They haven't been big players on the free-agent front or engineered any blockbuster trades. After leaving head coach Todd McLellan's fate up in the air for a couple of long months, they finally announced on June 18 that he would be back behind the Sharks bench for a fifth season.
But the Sharks did make one important change, and the subtle move made on Monday could pay off big for San Jose. The Sharks gave McLellan some help on the bench, bolstering their coaching staff with the addition of Larry Robinson as associate coach.
Robinson could be San Jose's most important addition this offseason, not that there's a lot of competition for that distinction. The Sharks brought back defenseman Brad Stuart, signing him to a three-year, $10.8 million deal after acquiring his rights from Detroit. Their only other significant foray into free agency was a four-year, $7.2 million deal for checking center Adam Burish.
It's been far from the complete overhaul some expected after the Sharks were ousted in the opening round of the playoffs, failing to win at least one series for just the second time since 2003. After back-to-back trip to the Western Conference Finals, they barely squeaked into the postseason at all, and managed just one win before St. Louis sent them packing after five games.
After the early departure, general manager Doug Wilson delayed announcing McLellan's return until June, and when he did confirm that McLellan would be back, Wilson noted that there would be other changes on the staff.
"What we'd like to add to our coaching staff is a presence -– somebody who has played the game can help with Todd's messaging," Wilson said at that news conference.
Enter Robinson. The Hall of Fame defenseman brings an impressive resume to San Jose. He has won nine Stanley Cups, six as a player in Montreal and three in various coaching roles with the Devils, including the head job when New Jersey won it all in 2000.
He was with the Devils again this past spring when New Jersey made a surprising run to the Cup Final before falling to the Kings. Now Robinson will try to help San Jose finally break through in the postseason and reach its first Cup Final.
Robinson, 61, is expected to run the defense and help a San Jose penalty kill that ranked 29th in the league last year at 76.9 percent. The Devils had the best PK in the NHL at 89.6 percent, and Robinson will try to work the same magic with the Sharks.
He'll have more to work with on the blue line in San Jose. Unlike New Jersey's Cup-winning squads in 1995, 2000 and 2003 that were led by defensive stalwarts like Scott Stevens and Scott Niedermayer, Robinson had to help patch together a defense featuring the likes of veteran retreads Bryce Salvador, Marek Zidlicky, Anton Volchenkov, Andy Greene and Peter Harrold and youngsters Mark Fayne and Adam Larsson to get back to the Final this spring.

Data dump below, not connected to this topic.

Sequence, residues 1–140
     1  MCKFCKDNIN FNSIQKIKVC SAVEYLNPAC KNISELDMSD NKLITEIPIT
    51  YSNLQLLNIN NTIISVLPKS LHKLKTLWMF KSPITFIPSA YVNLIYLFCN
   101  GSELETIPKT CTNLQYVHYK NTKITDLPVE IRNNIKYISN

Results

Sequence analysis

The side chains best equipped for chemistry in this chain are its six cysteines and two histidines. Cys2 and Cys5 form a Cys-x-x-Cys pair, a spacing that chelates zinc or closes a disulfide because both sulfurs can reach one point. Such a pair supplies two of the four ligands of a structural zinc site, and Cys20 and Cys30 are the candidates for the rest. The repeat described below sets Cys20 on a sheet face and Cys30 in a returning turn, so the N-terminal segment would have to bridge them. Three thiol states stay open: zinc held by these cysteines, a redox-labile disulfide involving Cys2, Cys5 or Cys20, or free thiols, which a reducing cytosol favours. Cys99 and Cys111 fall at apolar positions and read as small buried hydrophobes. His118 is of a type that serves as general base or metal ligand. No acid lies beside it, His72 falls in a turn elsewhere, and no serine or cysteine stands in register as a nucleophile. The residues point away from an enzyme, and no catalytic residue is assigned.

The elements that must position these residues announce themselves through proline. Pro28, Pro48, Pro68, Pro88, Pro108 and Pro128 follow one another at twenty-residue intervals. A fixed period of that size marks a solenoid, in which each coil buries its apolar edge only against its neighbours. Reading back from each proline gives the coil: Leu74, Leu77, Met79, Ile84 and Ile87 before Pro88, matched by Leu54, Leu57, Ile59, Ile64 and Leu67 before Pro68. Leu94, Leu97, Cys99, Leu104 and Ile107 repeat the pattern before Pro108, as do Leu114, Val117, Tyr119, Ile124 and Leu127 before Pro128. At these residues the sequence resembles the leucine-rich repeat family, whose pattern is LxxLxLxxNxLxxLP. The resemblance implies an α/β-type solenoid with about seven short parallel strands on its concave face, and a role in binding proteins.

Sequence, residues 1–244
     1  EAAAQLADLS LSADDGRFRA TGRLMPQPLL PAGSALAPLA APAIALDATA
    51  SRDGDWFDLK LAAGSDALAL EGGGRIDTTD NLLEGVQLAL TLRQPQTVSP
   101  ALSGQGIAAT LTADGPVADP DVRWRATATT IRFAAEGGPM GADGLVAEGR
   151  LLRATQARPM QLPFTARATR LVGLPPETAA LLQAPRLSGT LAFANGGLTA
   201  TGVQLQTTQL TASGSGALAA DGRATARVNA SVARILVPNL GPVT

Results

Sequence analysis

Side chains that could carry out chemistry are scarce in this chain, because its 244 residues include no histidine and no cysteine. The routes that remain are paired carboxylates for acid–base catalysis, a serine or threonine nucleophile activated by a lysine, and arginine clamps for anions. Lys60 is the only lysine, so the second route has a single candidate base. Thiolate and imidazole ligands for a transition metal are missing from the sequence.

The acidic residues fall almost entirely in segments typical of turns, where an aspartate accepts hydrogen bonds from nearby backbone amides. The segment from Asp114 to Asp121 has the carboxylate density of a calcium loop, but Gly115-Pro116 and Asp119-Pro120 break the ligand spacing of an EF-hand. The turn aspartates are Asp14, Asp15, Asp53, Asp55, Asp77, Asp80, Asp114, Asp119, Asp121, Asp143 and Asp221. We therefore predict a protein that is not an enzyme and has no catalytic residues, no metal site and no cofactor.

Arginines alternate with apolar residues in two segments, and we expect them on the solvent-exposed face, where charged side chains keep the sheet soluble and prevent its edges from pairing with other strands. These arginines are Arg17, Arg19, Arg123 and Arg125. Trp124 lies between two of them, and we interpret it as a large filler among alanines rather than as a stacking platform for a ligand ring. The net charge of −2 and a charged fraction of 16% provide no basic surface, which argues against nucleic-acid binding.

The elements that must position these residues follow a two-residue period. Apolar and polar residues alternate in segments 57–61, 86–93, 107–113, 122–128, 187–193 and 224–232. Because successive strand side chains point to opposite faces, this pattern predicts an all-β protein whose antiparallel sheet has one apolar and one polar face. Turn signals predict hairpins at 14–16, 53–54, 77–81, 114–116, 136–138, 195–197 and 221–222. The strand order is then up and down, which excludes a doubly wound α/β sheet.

Now Robinson will be greeted by a group that on paper should be far stronger with Stuart, Dan Boyle, Brent Burns, Marc-Edouard Vlasic, Douglas Murray, Justin Braun and Jason Demers forming a formidable unit for the Sharks.
"I think the Sharks have a great team and they have some great defensemen who will be fun to work with," Robinson told Dave Stubbs of the Montreal Gazette, which first broke the news of Robinson's hiring.
Robinson will also be in a role that appears to best suit him. While he's enjoyed great success as an assistant, his time as a head coach has been less spectacular. He was just 122-161-45 in four years as the Kings' head coach, making the playoffs just once, when Los Angeles was swept in the opening round by the Blues in 1998. He took over the Devils for a second time in 2005 when Pat Burns was sidelined by cancer, but Robinson resigned in December citing stress and his own health issues.
His most successful stint as a head coach came when he took over for Robbie Ftorek with just eight games left in the 1999-2000 season and he went on to guide the Devils to the Cup that spring and a return to the Final the following year before being fired in the 2001-02 season.
The Sharks have longed for such playoff success throughout their two decades of existence. They've knocked on the door with three conference finals appearances, but have never been able to take the next step.
That step will be harder than ever with the strength of the Western Conference these days and the Sharks' window may be closing quickly as the likes of Joe Thornton, Patrick Marleau and Boyle enter the twilight of their careers. But if they are ever to make a run at a title, Robinson just might be the man to show them how to do it.
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